There’s pretty much what I’ve come to expect for a mobile-optimized website but have only, until recently, hoped for on Wikipedia. Even on this initial screen you can see there’s a single column, larger text, and better word and line spacing. Instantly more readable. There’s also the clearly indicated feedback link since this version of the site is recently launched.
If you clicked on the first link to the standard Beer article you would have noticed that it’s a reasonably long entry even on a desktop browser. I can’t imagine many iPhone users would enjoy the finger cramps required to scroll all the way down to the Serving section, and it seems Wikipedia’s designers/developers felt the same way. After the introduction, the article sections have been collapsed to their headings with handy buttons to expand the content:
After expanding a section the “Show” button changes to a “Hide” button so you can keep the page from growing too long on your small screen:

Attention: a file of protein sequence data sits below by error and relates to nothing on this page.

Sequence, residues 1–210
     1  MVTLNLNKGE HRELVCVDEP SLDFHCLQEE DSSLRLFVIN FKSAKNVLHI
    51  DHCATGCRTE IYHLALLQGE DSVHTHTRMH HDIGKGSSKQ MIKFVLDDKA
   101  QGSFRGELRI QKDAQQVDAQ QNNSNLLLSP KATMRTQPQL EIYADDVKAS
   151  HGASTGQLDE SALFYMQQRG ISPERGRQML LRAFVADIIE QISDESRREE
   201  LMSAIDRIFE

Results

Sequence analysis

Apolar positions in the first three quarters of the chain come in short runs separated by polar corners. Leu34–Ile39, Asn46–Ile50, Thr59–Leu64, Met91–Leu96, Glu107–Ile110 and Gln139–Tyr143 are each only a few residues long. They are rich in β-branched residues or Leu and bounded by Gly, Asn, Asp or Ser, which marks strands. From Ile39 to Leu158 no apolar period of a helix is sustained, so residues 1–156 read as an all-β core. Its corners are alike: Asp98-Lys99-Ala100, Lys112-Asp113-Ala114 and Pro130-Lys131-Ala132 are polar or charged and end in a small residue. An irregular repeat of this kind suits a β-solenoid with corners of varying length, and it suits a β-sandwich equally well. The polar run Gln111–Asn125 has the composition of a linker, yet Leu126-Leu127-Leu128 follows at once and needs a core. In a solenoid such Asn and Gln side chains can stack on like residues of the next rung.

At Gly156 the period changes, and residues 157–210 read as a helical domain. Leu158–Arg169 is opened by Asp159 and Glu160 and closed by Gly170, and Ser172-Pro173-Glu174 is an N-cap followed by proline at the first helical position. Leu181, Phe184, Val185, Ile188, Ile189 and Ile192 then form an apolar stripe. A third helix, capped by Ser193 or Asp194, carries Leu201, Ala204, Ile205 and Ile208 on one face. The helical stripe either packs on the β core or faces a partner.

Overall I’m pretty happy about this considering my heavy use of Wikipedia. My only gripe at the moment, however, is the redirect process. If you visit an article from Google search results, quite a bit of the standard page (including some images) seems to load before the redirect. I could see this getting a bit tiresome if I don’t have a 3G signal, and it makes me wish the intercept occurred earlier. I’m not a web developer, so I can’t speak to the simplicity/complexity of such a change, but I’ll certainly submit it as feedback.